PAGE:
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The Artistic Revolution: How Immersive Tech is Transforming our Experience of Art

Enter a shadowy corridor intermittently lit by vibrant red and yellow flora, and you’ll find yourself drawn towards what appears to be an abyss. Moments later, it bursts into light. There’s a serenity about it that beckons you to reach out and touch. And upon contact, another lively, animated wall blossoms to life.

In Tokyo’s trendy Azabudai Hills, teamLab’s ‘Borderless’ has recently dazzled a massive audience with an immersive artistic experience within a digital enclosure. This vision is designed to stretch the limits of human senses. Not too far away in India, spectators at Hyderabad’s HITEX Exhibition Centre and Chennai’s Express Avenue mall were captivated as digital almond blossoms, reminiscent of Van Gogh’s famed painting, floated down around them, celebrating the artist’s memorable blues.

This new art form transcends conventional galleries and frames, embracing technology to captivate through stunning visuals.

At the recently inaugurated Nita Mukesh Ambani Cultural Centre (NMACC) in Mumbai, Yayoi Kusama’s Infinity Mirrored Room, a permanent installation, lures art enthusiasts into a mirror-panelled space lit with innumerable LEDs, warping reflection and reality.

“This exhibit is inherently fascinating for both art aficionados and newcomers alike. Kusama’s work demonstrates how a piece of art can transport us to a fantastic new dimension, regardless of our initial motives for engaging with it,” states an NMACC spokesperson. Kusama, a trailblazer in immersive art, began creating these worlds as early as the 1960s.

The Van Gogh 360 and The Real Immersive Van Gogh Experience are two traveling showcases offering a gateway into Van Gogh’s mind, notably for beginners.

Sharan John, the founder at Silly Fellows, which brought the Van Gogh experience to Chennai and Hyderabad, notes, “At the core of these narratives is Van Gogh’s artistic evolution, his distinctive techniques, and the profound emotions within each artwork. The exhibits also provide educational value, sharing insights into Van Gogh’s life and the context of his iconic works.”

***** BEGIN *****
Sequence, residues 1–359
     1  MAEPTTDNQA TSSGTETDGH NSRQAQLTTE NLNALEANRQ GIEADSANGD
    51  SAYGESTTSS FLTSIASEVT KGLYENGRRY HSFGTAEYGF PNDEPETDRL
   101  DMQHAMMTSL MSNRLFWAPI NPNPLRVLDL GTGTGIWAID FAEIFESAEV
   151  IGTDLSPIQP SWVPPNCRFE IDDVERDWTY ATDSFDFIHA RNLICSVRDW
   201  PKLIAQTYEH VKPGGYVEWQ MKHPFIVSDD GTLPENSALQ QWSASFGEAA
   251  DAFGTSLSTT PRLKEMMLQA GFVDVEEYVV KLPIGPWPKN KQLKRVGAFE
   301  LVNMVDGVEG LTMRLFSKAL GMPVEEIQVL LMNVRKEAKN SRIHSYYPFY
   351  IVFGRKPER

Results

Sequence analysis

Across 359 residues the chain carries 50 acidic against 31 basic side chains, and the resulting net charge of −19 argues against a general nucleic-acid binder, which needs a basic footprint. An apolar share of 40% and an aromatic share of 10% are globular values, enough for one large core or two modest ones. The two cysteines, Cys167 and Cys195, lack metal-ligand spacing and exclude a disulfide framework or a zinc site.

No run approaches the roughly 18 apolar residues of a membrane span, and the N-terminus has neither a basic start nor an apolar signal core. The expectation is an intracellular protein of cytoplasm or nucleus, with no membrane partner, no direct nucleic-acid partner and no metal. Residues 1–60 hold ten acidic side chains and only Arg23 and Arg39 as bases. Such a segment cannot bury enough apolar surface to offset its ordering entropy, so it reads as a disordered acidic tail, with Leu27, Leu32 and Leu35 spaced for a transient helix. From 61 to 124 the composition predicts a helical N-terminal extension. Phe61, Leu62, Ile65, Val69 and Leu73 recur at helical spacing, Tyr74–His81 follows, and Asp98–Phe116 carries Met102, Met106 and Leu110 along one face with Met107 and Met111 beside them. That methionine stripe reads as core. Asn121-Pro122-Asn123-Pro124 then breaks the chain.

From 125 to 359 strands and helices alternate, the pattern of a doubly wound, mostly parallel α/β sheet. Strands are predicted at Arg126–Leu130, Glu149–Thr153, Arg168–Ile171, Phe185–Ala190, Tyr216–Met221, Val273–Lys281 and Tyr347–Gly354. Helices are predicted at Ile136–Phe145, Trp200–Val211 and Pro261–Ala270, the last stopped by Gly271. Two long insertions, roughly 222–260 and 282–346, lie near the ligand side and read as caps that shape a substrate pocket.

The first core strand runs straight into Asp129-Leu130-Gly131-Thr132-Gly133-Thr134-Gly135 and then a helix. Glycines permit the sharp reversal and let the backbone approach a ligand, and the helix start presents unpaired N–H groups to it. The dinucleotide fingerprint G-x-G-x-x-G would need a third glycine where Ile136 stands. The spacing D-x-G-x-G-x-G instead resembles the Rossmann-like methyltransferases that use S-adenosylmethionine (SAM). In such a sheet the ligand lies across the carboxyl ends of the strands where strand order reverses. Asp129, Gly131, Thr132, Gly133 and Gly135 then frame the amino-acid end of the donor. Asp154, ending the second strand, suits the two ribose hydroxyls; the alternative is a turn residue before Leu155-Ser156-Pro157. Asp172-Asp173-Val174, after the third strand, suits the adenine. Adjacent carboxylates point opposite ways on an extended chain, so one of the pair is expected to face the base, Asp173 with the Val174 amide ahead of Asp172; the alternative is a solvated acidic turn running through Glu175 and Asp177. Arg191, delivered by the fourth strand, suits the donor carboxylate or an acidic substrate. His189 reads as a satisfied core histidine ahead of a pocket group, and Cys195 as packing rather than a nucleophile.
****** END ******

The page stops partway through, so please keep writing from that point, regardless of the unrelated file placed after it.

In Dubai’s AYA Universe, visitors embark on a virtual voyage across thematically diverse exhibits, like Run As Slow As You Can, where people are transported through VR pods on an absurdist journey. “And don’t forget Oracle, the interactive showcase, or the Instagram-famous bathtub filled with plastic bananas, creating joy for all ages,” a representative at NMACC adds.

The digital realm offers immense creative freedom, a major attraction for artists aiming to push boundaries.

“Digital technology affords intricate detailing and the flexibility for transformation,” says Takashi Kudo from teamLab, an art collective exploring the intersection of art, science, technology, and nature. The collective was initially formed as a rebuke to the isolation digital artists felt from the traditional art world.

Kudo emphasizes that while tech is central to their work, it’s not the most crucial element. The art remains paramount. And although teamLab is tight-lipped about their technological repertoire, their commitment to artistry is unwavering. In Saudi Arabia, a new teamLab Borderless museum is underway, marking their debut in West Asia.

“We prioritize delivering the essence of our message. Quality experience is our goal, not mass appeal,” says Sharan John, discussing the Van Gogh immersion. This dedication to the experience resulted in Chennai’s exhibit utilizing a high-lumen projector to enhance visitor immersion.

Globally, there’s a burgeoning fascination with the unknown, and digital art museums like AYA Universe in the UAE cater to this intrigue. AYA has seen collaborations with over 1,800 social media influencers, solidifying its reach. Kathleen Nikki Fernando, AYA’s marketing manager, adds that 85% of their visitors, mostly international tourists, express desire for a return visit.

To engage a broad audience, AYA spans 12 zones, each narrating part of an abstract, futuristic saga. Initially anticipating niche interest, the exhibit has become a popular destination for families, prompting educational programs for schools. Social media collaboration has been vital for visibility.

Meanwhile, NMACC showcases Liminal Gaps, a three-dimensional, temporally challenging art exhibit that transports visitors into a virtual experience akin to living within a computer game. Until June, it highlights Indian contemporary art while alluding to an art-tech blend in future showcases.

Immersive art transcends the traditional confines of the gallery space, inviting everyone into its boundless realm. From Mumbai to Dubai, from seasoned art lovers to schoolchildren, the revolution of immersive technology in art is undeniably captivating, continuing to redefine how we experience the creations of the human spirit. The ultimate triumph of this art revolution lies in its capacity to unite and fascinate universally.